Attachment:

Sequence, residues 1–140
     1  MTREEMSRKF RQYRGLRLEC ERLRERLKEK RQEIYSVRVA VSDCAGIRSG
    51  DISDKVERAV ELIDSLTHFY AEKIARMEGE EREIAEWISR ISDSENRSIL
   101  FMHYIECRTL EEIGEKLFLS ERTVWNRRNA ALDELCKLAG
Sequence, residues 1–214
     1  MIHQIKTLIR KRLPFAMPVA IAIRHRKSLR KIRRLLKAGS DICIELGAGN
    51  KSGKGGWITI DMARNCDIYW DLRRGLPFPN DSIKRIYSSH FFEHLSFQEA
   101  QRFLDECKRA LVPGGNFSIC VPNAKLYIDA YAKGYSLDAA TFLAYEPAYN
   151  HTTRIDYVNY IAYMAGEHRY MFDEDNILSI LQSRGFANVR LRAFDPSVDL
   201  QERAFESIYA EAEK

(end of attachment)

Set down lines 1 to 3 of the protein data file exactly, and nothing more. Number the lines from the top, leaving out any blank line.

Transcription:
Sequence, residues 1–140
     1  MTREEMSRKF RQYRGLRLEC ERLRERLKEK RQEIYSVRVA VSDCAGIRSG
    51  DISDKVERAV ELIDSLTHFY AEKIARMEGE EREIAEWISR ISDSENRSIL